Tripolis is an ancient Lidian site located on the east of Yenicekent town of Buldan district, in Denizli province. The site is about 40 kilometers to the north of Denizli city center, 30 kilometers to Laodicea and 20 kilometers to Hierapolis. It was established right on the Great Menderes river plain connecting the Aegean shores to inner Anatolia and to the Mediterranean. It used to be an important and rich city due to its location on the trade routes in the junction of Lidia, Caria and Phrygia regions.
It's beleived that Tripolis was founded during the 6th century BC, but there aren't much historical data related to the Lidian, Persian and Hellenistic periods because excavations were made only in 1993 and recently after 2007 until today. Most of the ruins on the site are from Roman and Byzantine periods, especially between 1st and 4th centuries AD. According to Pliny the Younger, an author of the 1st century AD known for his letters which are an invaluable historical source for the time period, the city was called as Apollonia during the Helenistic period and as Antoniopolis during the 1st century BC. It was named as Tripolis during the Roman and Byzantine eras, and then as Diribol by the Turks. During the Byzantine period Tripolis became an important bishopric center for Christians.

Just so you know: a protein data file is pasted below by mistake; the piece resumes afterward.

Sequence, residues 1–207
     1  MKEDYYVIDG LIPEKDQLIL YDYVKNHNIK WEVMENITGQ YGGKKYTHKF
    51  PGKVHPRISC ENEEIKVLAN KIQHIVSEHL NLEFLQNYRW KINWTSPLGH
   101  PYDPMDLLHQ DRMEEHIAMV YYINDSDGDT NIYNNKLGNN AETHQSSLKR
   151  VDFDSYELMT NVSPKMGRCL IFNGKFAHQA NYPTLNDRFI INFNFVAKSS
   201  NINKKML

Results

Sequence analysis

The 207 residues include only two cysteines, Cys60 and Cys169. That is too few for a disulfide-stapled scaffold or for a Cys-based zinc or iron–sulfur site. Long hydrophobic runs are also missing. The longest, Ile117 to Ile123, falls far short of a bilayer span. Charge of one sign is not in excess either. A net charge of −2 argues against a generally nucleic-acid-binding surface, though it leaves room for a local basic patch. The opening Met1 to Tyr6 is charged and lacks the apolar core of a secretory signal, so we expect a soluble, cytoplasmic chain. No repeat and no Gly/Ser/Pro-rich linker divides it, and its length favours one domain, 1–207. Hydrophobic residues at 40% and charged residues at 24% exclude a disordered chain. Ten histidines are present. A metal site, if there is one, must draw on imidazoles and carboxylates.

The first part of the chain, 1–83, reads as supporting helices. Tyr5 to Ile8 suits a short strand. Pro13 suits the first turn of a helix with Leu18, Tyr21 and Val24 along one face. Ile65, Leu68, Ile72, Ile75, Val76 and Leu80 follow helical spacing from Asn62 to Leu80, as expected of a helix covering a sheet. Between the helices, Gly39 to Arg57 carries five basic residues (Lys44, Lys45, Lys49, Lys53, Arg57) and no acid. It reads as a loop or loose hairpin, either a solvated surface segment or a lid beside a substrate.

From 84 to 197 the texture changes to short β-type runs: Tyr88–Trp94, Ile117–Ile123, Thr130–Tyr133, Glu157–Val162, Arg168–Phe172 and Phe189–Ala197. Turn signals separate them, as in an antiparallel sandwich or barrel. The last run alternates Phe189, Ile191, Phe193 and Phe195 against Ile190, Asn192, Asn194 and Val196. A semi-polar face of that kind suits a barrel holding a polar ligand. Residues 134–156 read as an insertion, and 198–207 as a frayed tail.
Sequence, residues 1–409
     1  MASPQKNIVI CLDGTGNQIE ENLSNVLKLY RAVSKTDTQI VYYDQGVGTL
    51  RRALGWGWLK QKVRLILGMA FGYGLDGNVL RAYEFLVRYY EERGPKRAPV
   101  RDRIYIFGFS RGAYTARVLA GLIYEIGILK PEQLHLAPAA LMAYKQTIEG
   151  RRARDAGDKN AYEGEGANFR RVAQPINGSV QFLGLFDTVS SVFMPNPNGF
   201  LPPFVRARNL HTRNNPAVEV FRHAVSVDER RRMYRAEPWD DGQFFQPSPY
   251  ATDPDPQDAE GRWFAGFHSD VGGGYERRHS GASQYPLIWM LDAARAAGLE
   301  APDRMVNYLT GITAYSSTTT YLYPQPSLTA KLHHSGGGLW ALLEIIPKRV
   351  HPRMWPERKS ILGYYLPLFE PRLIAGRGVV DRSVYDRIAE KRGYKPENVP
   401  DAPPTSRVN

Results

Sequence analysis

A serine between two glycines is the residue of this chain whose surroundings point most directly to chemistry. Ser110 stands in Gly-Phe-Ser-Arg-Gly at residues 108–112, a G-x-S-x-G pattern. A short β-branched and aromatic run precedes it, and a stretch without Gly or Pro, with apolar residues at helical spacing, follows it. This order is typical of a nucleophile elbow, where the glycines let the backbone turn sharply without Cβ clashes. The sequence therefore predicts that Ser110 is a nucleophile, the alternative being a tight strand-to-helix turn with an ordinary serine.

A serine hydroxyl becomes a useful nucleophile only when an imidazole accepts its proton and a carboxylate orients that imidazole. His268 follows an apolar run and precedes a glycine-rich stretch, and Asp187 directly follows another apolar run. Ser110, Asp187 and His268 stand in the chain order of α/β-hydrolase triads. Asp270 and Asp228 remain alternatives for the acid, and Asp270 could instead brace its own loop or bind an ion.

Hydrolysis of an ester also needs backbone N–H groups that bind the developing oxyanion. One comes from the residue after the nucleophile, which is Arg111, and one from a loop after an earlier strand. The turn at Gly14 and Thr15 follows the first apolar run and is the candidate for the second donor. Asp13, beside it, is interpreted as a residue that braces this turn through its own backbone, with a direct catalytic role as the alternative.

On the coins of the city goddess Leto, Menderes River (Meander), and the games can be noticed. Best samples of monumental buildings are constructed during the Roman period. Many earthquakes and wars hit Tripolis in the history therefore only ruins of some important buildings can be seen on site today. Tripolis was surrounded with thick city walls in the Late Roman and Byzantine periods. The walls were built on a sloped land and were fortified with watch towers. There are also ruins of a Roman road, a Greco-Roman theater which had a capacity of approximately 10.000 people, a Roman bath, a Byzantine basilica, Bouleterion (parliament), Agora (market place), Stadium, and the Necropolis with graves and sarcophagi.